"Bangladesh is trapped between the Himalayas in the north and the encroaching Bay of Bengal to the south. Bangladesh is most vulnerable to natural disasters due to the frequency of extreme climate events and its high population density. Floods are frequent and cause the greatest economic and human losses to the country. The flooding problems are exacerbated by sediment transported by three major rivers- the Ganges, Brahmaputra and Meghna.
Climate change poses significant risks for Bangladesh. The impacts of higher temperatures, more variable precipitation, more extreme weather events, and sea level rise are already felt in Bangladesh and will continue to intensify. The impacts result not only from gradual changes in temperature and sea level but also, in particular, from increased climate variability and extreme events, including more intense floods, droughts, and storms.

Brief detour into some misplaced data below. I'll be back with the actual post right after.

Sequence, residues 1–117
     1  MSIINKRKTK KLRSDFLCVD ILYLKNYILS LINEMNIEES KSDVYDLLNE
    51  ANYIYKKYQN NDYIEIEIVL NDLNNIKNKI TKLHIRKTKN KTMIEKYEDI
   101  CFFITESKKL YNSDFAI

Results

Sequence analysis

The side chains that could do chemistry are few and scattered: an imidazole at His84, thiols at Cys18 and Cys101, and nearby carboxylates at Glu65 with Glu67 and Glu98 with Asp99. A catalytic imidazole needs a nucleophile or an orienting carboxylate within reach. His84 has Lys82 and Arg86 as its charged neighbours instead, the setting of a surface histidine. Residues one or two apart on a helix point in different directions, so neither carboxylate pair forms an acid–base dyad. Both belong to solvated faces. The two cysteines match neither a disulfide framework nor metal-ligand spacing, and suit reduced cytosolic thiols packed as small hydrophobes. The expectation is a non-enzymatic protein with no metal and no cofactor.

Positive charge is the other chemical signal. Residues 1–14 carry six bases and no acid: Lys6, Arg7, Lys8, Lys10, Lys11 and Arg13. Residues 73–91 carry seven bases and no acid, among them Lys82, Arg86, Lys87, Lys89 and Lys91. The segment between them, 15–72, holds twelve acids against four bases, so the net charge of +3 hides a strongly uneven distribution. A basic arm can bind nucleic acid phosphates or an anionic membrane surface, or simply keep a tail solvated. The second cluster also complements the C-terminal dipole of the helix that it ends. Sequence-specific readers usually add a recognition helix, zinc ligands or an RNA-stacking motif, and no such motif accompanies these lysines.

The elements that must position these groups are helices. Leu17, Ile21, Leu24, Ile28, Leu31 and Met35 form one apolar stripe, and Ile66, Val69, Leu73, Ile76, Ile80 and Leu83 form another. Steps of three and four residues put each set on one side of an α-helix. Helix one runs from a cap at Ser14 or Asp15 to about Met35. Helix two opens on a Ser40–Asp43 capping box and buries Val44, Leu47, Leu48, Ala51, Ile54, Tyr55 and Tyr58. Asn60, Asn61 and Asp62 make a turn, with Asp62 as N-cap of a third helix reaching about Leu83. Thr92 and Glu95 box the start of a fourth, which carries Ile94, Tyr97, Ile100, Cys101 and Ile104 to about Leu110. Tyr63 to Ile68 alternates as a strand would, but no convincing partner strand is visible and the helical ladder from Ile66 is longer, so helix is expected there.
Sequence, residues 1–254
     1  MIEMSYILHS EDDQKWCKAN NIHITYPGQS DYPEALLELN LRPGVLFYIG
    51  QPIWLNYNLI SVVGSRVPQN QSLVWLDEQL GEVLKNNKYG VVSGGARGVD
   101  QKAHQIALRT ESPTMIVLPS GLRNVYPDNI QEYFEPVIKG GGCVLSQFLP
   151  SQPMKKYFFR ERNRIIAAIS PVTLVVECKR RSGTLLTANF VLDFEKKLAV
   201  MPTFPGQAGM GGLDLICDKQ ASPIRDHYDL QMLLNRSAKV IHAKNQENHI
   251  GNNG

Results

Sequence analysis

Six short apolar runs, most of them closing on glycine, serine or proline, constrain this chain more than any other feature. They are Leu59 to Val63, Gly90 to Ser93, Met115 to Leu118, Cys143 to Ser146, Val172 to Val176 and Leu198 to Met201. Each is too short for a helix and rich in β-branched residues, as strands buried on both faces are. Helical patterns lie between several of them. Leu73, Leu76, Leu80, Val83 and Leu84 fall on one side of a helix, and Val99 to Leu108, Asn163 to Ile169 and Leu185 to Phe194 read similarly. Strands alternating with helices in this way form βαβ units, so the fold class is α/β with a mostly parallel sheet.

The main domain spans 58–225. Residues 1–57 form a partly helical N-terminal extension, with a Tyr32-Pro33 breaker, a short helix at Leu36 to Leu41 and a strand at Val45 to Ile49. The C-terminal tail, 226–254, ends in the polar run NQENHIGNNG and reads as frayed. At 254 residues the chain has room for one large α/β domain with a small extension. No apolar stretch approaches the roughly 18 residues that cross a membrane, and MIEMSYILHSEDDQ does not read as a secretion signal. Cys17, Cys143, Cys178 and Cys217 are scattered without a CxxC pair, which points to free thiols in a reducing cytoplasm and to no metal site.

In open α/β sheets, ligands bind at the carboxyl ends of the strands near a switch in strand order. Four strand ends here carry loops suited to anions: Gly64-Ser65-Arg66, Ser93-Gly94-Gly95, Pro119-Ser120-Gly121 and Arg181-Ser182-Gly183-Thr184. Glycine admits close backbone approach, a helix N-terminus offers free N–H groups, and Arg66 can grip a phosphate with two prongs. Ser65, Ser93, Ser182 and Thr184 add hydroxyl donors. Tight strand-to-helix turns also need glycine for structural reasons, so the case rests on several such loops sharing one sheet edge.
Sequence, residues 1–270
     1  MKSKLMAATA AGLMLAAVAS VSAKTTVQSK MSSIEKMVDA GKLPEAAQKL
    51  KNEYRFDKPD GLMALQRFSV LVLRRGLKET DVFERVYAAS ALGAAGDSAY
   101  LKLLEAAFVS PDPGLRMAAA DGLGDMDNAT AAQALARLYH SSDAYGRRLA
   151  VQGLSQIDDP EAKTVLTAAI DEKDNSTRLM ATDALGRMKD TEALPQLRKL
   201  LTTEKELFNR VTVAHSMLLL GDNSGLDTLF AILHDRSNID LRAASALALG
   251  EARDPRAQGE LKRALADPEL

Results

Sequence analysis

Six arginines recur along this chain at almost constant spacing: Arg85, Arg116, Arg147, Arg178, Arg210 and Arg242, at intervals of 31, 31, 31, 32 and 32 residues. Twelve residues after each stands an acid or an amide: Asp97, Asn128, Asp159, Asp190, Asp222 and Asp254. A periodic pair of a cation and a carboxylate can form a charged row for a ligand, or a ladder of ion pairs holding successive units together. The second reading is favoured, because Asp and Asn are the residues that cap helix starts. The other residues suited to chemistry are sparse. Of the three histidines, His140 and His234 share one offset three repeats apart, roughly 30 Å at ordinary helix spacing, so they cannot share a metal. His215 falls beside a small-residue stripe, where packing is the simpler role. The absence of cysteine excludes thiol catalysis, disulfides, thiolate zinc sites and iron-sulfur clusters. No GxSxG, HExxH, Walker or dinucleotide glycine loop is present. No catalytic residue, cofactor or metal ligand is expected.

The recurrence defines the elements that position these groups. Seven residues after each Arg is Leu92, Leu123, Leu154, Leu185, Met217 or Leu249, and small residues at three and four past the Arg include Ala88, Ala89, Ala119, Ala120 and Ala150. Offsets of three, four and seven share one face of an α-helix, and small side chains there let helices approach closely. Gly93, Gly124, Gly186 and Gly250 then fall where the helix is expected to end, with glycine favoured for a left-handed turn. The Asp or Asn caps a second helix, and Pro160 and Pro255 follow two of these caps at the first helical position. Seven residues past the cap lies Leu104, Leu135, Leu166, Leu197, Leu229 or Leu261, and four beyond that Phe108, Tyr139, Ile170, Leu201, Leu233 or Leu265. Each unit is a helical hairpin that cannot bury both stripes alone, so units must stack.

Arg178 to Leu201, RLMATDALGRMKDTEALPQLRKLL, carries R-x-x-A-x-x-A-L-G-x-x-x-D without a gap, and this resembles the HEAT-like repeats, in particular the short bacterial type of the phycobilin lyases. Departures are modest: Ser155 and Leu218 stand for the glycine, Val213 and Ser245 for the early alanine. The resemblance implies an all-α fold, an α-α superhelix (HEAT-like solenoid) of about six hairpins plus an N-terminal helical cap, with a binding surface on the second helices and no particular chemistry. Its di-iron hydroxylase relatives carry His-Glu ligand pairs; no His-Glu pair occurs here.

These changes are already having major impacts on the economic performance of Bangladesh and on the lives and livelihoods of millions of poor people.
The climate change will affect many sectors, including water resources, agriculture and food security, ecosystems and biodiversity, human health and coastal zones.
- Many environmental and developmental problems will be exacerbated by climate change.
- Predicted rainfall increases, particularly during the summer monsoon, could increase flood-prone areas in Bangladesh.
- Crop yields are predicted to fall by up to 30 per cent, creating a very high risk of hunger.
- Predicted temperature increase will cause the melting of glaciers in the Himalayas.
In the short term, the global warming increases risk of flooding, erosion, mudslides during the wet season. In the longer term, global warming could lead to disappearance of many glaciers that feed many rivers in South Asia."
To address these issues a high level conference on effects of climate change in Bangladesh will take place in London on 10th September 2008.